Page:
The Rise of Impact Investing in Australia: a New Option for Investors

What Is Impact Investing?

The term “impact investing” was first coined in 2007 in the context of a global discussion about how to drive more capital towards social change solutions. The concept indicates an investment approach that aims to achieve both financial and positive social or environmental impact, which needs to be measurable. Current focus impact investment areas of focus include renewable energy, sustainable agriculture and “cleantech”.

Impact Investing In The Australian Landscape: “Impact Investing Australia” Survey 2016 

Nowadays there are hundreds of impact funds which focuses on different areas of interest and investment philosophies. 

But what is the role of impact investing in the Australian investing context?

According to the results of a survey conducted in 2016 by “Impact Investing Australia”, this kind of investment is growing interest in among the investor community. The survey has surveyed 123 Australian investors who account for more than A$333 billion of Australia’s funds under management. Respondents included both participants and non-participants of impact investing, and consisted of institutional investors, trusts, foundations, not-for-profit organisations and individual investors.

The first insight that emerged is that 41% of the investors interviewed are already active impact investors. Most of them (52%) have less than 10% of their total assets under management allocated to impact investments and they usually invest in only a couple of businesses, although a smaller amount have a greater spread of 3 to 5 investments. The funds that have allocated more than 50% of their portfolio in impact investments were all institutional investors. The primary motivation that brings them to invest in these kinds of deals is the mission alignment, followed by other reasons such as client demand, financial returns, diversification benefits and corporate social responsibility.

The impact areas that they are aiming to bring a positive impact towards include child and youth issues, clean energy and housing and homelessness. The measurement of the social impact of their investments is a very important factor and 50% of them expect well-documented and reported information about their social impact.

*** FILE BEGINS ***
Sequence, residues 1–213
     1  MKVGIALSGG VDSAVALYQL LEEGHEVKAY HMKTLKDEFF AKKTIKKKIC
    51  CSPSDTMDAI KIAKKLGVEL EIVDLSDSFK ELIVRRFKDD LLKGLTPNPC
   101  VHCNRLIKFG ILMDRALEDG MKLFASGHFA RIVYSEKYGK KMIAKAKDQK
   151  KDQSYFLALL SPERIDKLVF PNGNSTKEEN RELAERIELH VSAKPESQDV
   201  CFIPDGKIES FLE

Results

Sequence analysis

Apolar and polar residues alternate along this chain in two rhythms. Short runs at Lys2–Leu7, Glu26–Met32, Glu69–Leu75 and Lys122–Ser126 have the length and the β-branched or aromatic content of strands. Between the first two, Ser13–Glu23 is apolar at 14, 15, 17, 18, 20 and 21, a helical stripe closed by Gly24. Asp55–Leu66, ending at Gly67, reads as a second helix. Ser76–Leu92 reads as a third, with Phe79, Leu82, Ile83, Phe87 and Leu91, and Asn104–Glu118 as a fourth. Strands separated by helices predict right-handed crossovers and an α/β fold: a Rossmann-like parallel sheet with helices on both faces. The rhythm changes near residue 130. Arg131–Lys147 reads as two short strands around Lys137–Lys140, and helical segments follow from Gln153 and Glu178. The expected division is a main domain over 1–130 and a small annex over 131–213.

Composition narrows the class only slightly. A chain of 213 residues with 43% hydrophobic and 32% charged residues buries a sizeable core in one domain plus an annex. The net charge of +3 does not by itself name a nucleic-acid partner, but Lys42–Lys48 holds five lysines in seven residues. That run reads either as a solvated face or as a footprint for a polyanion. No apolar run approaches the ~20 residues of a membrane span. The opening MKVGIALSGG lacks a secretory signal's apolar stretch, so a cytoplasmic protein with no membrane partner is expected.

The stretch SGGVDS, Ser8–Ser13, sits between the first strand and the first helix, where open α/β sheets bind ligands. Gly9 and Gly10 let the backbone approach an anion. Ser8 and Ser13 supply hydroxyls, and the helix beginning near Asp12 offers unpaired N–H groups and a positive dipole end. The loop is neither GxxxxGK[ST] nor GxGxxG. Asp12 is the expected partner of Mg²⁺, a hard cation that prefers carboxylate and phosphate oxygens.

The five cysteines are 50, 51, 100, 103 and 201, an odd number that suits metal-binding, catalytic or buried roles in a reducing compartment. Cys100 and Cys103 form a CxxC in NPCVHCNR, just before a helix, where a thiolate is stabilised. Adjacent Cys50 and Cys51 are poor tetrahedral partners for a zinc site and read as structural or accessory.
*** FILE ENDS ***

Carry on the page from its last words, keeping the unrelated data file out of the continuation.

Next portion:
Another important trend shown in the report is that investors that do not currently have an asset allocation in social impact investment are getting more interested in the topic. Two thirds of the non-active impact investors show a certain level of awareness about the topic, with 82% of this group being particularly curious and interested about impact investment. They also showed a primary interest in child and youth issues, followed by indigenous Australian related issues, education and health.

A Growing Future For Impact Investing

The growing importance and interest in impact investments is clear from the above data, with over 70% of respondents believing that impact investment will continue to increase in prevalence and importance over the next five years within Australia. Active impact investors also expressed a will to increase their allocation in impact investments by three times over the next five years. The factors that they identified that would lead them to invest more in these projects would be a higher availability of investable deals, the greater measurability of social impact and financial performance.

As for those that have not yet made impact investments, 78% of them stated that their organisations are highly likely to consider social, cultural and environmental impact as a metric for their investments in the next five years. What has held them back is a lack of reliable research, information and benchmarking about these types of investments, a lack of a well-recognised investment framework and, for 33% of them, the fact that there are not enough deals to invest in.

Conclusion

Impact investing was born as a way to utilise private sector capital towards social and environmental problems, issues that international governments have failed to address. Investors are increasingly interested in projects which are aligned with their mission and values. This new approach is changing the way capital can be used and, if the issues of a lack of reliable information, research and accepted investment framework can be effectively solved, impact investment may gain mainstream recognition as a valuable way to bring social and environmental benefits to the global economy while generating profits for investors.

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